Common Eye Conditions

Common eye conditions may result from several causes, including refractive error, eye movement disorders, infection or disease.

Common eye conditions include refractive eye conditions, eye movement disorders, eye disorders that result from an infection and eye diseases.

Refractive eye conditions

Millions of Americans have reduced visual acuity due to inaccurate focusing of the light entering their eyes (i.e., refractive error). Most commonly this is the result of one of the following:

  • Nearsightedness (myopia): In this eye disorder, you only see close objects clearly.
  • Farsightedness (hyperopia): In this eye disorder, you only see distant objects clearly.
  • Astigmatism: This eye disorder occurs when the front surface of the eye (cornea) is slightly irregular in shape, resulting in blurred vision at all distances.
  • Presbyopia: This age-related eye disorder occurs when the eye’s lens gradually loses its ability to bring close objects into clear focus. It usually becomes noticeable when you reach your early to mid-forties.

Nearsightedness, farsightedness, astigmatism and presbyopia are treated with eyeglasses, contact lenses, and in some cases, vision therapy. LASIK, PRK and specialized intraocular lens implants also may correct these eye conditions.

Eye movement disorders

Henry Ford treats eye movement disorders in patients of all ages, including:

  • Amblyopia (lazy eye): This eye condition occurs when vision does not develop normally in an otherwise healthy eye. Amblyopia often is associated with strabismus or with a large difference in the refractive error between the two eyes. To treat amblyopia, the young brain must learn how to use the weak eye, usually through eye patching therapy.
  • Strabismus: Strabismus is an eye condition that occurs when the eyes are not properly aligned with each other. The eyes can be misaligned in any direction, and the direction determines the specific type of strabismus. In esotropia, the eyes turn in or cross. In exotropia, the eyes drift apart or out. In hypertropia, one eye drifts up. In hypotropia, one eye drifts down. Treatment may involve the use of eyeglasses, prisms, eye patching or surgery.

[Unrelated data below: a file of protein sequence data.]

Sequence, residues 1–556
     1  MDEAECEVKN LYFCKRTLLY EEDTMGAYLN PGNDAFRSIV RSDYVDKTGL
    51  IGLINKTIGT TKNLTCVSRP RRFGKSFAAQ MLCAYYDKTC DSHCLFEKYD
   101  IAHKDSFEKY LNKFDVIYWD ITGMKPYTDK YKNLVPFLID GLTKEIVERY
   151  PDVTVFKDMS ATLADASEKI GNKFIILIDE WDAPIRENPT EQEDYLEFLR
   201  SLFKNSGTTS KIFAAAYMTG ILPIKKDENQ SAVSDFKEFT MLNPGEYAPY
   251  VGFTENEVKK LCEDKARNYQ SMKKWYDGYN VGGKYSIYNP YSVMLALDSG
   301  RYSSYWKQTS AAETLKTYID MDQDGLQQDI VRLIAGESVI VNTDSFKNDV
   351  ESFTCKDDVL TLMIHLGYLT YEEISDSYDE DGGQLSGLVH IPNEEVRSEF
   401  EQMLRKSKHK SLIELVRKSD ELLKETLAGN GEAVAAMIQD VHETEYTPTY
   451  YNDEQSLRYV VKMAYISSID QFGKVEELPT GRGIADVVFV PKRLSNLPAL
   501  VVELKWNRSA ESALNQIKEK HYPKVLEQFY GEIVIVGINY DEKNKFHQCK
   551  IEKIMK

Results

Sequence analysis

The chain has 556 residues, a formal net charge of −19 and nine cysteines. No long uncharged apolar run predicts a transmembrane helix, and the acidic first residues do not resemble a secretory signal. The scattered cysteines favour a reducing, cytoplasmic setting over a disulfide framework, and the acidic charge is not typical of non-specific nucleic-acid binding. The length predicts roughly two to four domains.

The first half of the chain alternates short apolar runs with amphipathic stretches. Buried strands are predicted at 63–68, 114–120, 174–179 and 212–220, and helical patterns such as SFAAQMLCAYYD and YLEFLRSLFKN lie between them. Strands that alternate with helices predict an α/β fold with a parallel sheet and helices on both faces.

Glaucoma is a disease of progressive thinning of the optic nerve. The damage to the optic nerve can cause severe vision loss and even blindness if left untreated, but it can be controlled by lowering eye pressure. Glaucoma usually is treated with prescription eye drops. In some cases, laser treatment or surgery may be required. The goal of the treatment is to prevent loss of vision by lowering the pressure in the eye.

Dr. Tina Turner discusses how eye exams can help with early glaucoma detection

At Henry Ford, patients come first.

The Henry Ford Department of Ophthalmology is committed to providing our patients with compassionate, personalized care. We feature the most advanced treatments in eye care and are dedicated to vision research – always staying at the forefront of innovation. A leader in Michigan, as well as one of the largest ophthalmology practices in the United States, we treat more than 55,000 patients per year at 12 locations throughout southeast Michigan. In addition, our team works closely with Henry Ford Medical Group physicians in other departments, providing multidisciplinary, coordinated care for those patients who need it.

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